but there is ground for anxiety in the fact that for the year
1918-14, it received gifts of money for the purchase of books to



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28 The Harvard College Library. [September,

the extent of $16,596 and for 1914-15 of only 95615, or scarcely
a third as much.

A second side to library administration is the work of classifying
and cataloguing the books. This b a somewhat mysterious and
highly controversial topic Many people declare it outrageous that
the cost of cataloguing a book should occasionally be greater than
that of its purchase and far in excess of its real value to any one.
The catalogue department of a library is accused of being the
home of pedantry and red tape, of useless detail and scandalous
waste of money. Librarians reply that such charges only show the
ignorance of the accusers, and that it is the constant effort of all
concerned to keep down expenses to the lowest point compatible
with efficiency. ^' What is the good of having a book if you can-
not find it?" is the argument triumphantly advanced. Without
venturing into the intricacies which make this subject a perfect laby-
rinth, we may note certain permanent disadvantages uuder which
cataloguers labor. To beg^n with, the cost of their operation has, as
a rule, nothing whatever to do with the value of the book. To cata-
logue a trashy, unbound pamphlet, especially in a foreign language,
may be a more time-consuming and therefore more expensive un-
dertaking than the same task for a masterpiece of literature in a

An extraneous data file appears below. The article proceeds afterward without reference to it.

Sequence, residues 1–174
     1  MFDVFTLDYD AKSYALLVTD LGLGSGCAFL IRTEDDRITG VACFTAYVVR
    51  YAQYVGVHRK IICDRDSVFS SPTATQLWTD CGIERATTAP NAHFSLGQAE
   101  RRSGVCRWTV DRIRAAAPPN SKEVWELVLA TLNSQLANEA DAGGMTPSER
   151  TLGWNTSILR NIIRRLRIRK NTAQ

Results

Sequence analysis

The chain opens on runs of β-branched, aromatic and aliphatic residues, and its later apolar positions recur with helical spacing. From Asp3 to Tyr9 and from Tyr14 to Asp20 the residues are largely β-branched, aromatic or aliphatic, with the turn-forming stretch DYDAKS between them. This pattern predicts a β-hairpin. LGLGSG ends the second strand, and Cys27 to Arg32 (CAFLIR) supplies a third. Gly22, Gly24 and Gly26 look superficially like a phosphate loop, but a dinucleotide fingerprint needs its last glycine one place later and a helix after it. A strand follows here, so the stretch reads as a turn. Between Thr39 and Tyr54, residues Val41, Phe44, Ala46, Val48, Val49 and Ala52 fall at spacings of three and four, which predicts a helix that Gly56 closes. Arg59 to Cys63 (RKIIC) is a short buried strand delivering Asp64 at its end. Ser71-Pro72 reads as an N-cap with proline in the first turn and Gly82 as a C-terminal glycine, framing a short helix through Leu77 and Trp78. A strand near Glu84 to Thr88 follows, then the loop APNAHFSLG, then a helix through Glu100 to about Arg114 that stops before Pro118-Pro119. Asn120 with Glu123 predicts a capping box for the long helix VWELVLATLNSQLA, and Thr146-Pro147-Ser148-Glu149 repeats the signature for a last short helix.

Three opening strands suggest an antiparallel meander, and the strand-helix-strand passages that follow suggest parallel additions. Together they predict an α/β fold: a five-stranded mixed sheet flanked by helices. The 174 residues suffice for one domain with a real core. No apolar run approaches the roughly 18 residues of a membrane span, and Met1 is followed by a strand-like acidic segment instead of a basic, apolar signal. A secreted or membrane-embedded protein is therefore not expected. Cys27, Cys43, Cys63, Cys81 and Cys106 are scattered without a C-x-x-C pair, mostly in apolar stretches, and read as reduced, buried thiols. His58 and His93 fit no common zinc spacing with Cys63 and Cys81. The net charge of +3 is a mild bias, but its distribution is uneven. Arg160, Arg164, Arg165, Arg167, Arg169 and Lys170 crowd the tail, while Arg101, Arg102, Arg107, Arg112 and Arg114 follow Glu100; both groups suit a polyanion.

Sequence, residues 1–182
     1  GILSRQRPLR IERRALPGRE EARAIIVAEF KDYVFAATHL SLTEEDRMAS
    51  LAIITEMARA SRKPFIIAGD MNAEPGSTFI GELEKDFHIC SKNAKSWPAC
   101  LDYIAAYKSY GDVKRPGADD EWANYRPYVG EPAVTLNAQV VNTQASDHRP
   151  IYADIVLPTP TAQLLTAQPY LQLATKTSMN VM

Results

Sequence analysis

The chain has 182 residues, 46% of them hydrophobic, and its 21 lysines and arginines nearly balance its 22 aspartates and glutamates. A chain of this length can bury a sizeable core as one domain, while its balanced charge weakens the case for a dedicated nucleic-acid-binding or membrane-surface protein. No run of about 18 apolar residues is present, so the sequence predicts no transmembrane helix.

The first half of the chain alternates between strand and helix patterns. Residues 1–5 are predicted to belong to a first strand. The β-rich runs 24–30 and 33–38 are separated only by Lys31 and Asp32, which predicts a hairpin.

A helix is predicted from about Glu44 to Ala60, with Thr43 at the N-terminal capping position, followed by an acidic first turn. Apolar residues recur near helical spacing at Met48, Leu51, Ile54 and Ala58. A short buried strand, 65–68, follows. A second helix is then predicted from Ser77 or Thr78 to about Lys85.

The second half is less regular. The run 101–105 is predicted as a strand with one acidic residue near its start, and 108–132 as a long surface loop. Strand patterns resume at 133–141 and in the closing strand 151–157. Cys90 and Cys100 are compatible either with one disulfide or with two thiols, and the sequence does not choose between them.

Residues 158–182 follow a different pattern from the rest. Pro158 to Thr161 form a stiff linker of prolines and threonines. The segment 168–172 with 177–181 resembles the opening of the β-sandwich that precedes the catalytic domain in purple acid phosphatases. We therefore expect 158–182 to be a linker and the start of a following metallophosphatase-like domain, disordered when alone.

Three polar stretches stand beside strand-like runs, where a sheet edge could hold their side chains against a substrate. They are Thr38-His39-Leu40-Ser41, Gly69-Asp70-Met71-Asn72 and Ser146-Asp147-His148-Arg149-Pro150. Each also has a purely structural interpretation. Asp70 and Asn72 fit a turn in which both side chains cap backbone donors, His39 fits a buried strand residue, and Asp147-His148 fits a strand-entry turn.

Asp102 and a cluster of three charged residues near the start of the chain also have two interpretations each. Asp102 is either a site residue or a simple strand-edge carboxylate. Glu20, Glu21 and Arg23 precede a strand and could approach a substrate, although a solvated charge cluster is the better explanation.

superb setting, or even than for a monument of learning in twenty
volumes. What makes matters worse is that the bigger the library
the more it costs to handle properly the accessions to it. There is
no saving by working on a large scale ; on the contrary, it is harder
to put each unit in its right place, and minute differences have to be
more carefully noted in a collection of a million volumes than in one
of ten thousand. If you have one ordinary edition of Isaac Walton's
" Compleat Angler," you can find its proper corner without fuss,
and the bibliographical work concerning it will probably be done
for you by a Library of Congress card. If, on the other hand, like
Harvard, you happen to possess close to one hundred and sixty copies
of the work, no two alike, and some of them worth large sums of
money, you cannot treat them by any offhand process.

We should also take into account that a scholar's library espe-
cially contains great numbers of works that cannot be catalogued,
that is to say, made easily accessible by any short and simple
method. They are printed in many different languages, living or
dead, and they deal with the widest range of subjects, including the



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1916.] The Harvard College Library. 29

most abstmse. Except in such libraries as the Boyal one in Berlin,
whose staff swarms with ill-paid Ph.D.'s, you cannot expect to have
at the command of the cataloguing department, the amount of
varied and exact knowledge necessary to deal in a prompt, expert
manner with all the books that come in. The mere translation of
a title may mean painful effort with grammar and dictionary.
Scholarly productions of all sorts, bibliographical rarities and
works in little-known languages, indeed just the sort of books in
which Harvard is so rich, must cost more to handle than the com-
mon run of the accessions of a public library. A public library
need classify most of its books only in the simplest fashion,
only sufficiently for an attendant to find any g^ven volume as
easily as possible. In a scholar's library, where there is access to
the shelves, it is of prime importance that each topic should be
arranged in such a way that the seeker for knowledge shall have
under his hand not any one volume but the best available liter-
ature on his subject. A subject catalogue seldom helps the spe-
cialist, but a good grouping of the books on the shelves may
be a godsend to him, and, as no two branches of knowledge or
masses of literature are just alike, each classification in a library
for scholars should be carefully studied by itself and not stretched